6. Calvin Johnson (ADP: 6th overall) -- Megatron is the only receiver valuable enough to draft in the first round, and that's because he's head and shoulders above the rest. He's the most physically dominant wideout in the game playing in the league's pass-heaviest offense with the NFL's strongest-armed quarterback. For "last year's stats" guys, he scored over three fantasy points per week more than the No. 2 receiver (Jordy Nelson). Megatron gives you a huge edge.
7. DeMarco Murray (ADP: 11th overall) -- Dallas' interior line is a concern, but Murray lacks any hint of competition for carries and can compensate with pure volume. Assuming he gets good luck and stays healthy, Murray is a darkhorse to lead the league in rushing attempts. The Cowboys' passing game will likely start slow with Jason Witten and Miles Austin nursing injuries. Murray can be the early-season offensive centerpiece, and his passing-game role is sure to rise.
8. Jamaal Charles (ADP: Mid 2nd round) -- The Texans tied the Broncos for the 2011 league lead in rushing attempts. Denver will be a pass-first offense as Peyton Manning replaces Tim Tebow, and Kansas City now may be Houston's most viable "competitor" for the NFL's run-heaviest team. Workload should not be a major issue for Charles, who has avoided training-camp setbacks following last September's ACL tear while rediscovering pre-injury explosion and moves.
9. Steven Jackson (ADP: Late 2nd round) -- I've found Jackson to be among the league's most impressive runners through two weeks of preseason. Having dropped at least ten pounds, S-Jax has displayed improved quickness and speed while shedding the "hop-step" behind the line of scrimmage he bad-habited even in his prime. Jeff Fisher is going to run the ball early and often in St. Louis. I think Jackson may well approach the 379 touches Fisher gave Eddie George in his own age-29 season. I have a first-round grade on S-Jax, and he can be had in the second round.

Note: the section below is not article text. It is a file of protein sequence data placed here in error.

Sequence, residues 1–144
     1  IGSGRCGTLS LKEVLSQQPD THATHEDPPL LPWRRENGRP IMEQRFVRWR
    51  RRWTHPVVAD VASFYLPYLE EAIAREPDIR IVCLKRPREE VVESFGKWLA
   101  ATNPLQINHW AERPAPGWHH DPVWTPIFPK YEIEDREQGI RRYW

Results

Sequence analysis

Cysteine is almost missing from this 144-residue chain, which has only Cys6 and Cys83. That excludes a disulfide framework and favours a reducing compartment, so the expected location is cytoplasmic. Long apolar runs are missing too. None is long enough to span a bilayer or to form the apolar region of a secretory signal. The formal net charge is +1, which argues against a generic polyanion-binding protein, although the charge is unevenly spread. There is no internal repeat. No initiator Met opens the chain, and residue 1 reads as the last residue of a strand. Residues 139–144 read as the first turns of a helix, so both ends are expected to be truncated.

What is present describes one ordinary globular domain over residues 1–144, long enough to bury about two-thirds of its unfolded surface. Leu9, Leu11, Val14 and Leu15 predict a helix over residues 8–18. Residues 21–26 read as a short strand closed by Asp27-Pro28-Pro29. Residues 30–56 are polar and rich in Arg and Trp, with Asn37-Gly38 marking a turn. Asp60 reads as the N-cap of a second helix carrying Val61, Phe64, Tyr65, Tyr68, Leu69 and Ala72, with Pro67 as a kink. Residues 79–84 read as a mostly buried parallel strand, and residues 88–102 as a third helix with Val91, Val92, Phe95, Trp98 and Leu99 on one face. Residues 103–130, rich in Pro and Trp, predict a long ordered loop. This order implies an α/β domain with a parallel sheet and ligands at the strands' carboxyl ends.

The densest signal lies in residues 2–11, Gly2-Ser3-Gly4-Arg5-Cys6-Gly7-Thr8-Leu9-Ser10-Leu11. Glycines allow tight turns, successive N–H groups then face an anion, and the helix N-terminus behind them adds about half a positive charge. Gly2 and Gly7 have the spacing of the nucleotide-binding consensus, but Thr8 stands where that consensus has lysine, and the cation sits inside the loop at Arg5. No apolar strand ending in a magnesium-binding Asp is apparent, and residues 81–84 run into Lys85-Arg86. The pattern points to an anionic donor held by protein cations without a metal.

10. Jimmy Graham (ADP: 15th overall) -- The first-round quarterback argument (see intro) applies more smoothly to tight ends. For the last-year's-stats crowd, Gronk scored nearly six more points per week than the No. 3 tight end. Graham, who finished second, scored 2.5 more points per week than No. 3. These tight ends tilt weekly scoring in a particular owner's favor and are unto a tier of their own. I like Graham to outscore Gronkowski ever so slightly because he's the clear-cut No. 1 option in his offense and blocks less. They are both late first-round picks.
11. Rob Gronkowski (ADP: Late 2nd round) -- Barring injury, Gronkowski and Graham's 2011 catch and yardage totals are reliable barometers as to their 2012 production. Aside from perhaps Gronk's TDs, I don't think there will be dramatic downturn from either of their final-year stats. I think Antonio Gates has an outside chance to approach Gronk and Graham's catches and yards, and Aaron Hernandez, Jermichael Finley, and perhaps Vernon Davis will at least keep you competitive. But Gronk and Graham are weekly matchup tilters and every bit worth top-12 picks.
12. Ryan Mathews (ADP: Late 2nd round) -- Fantasy footballers have every right to be shaken by Mathews' fractured collarbone considering his past durability woes. But the facts of the matter are it was a hard-luck injury, and Mathews is expected to miss no more than two games. Mathews was a top-seven weekly running back scorer with Mike Tolbert in the 2011 picture and won't struggle for top-five per-week statistics with Tolbert gone to Carolina. Commonly available throughout the second round of drafts, Mathews is a value pick anywhere beyond the top 14.
13. Marshawn Lynch (ADP: Mid 2nd round) -- Lynch's position and volume lock him in as a top-15 overall fantasy pick, and he's impressed with quickness and burst in August games after cutting offseason weight. Despite his July DUI, Lynch no longer appears in danger of suspension.
14. Matt Forte (ADP: 10th overall) -- The No. 10 fantasy pick seems rich for a back who never got goal-line carries in the first place, and now threatens to lose precious open-field touches to Michael Bush. The Bears may look to "preserve" Forte a bit after committing big money to him.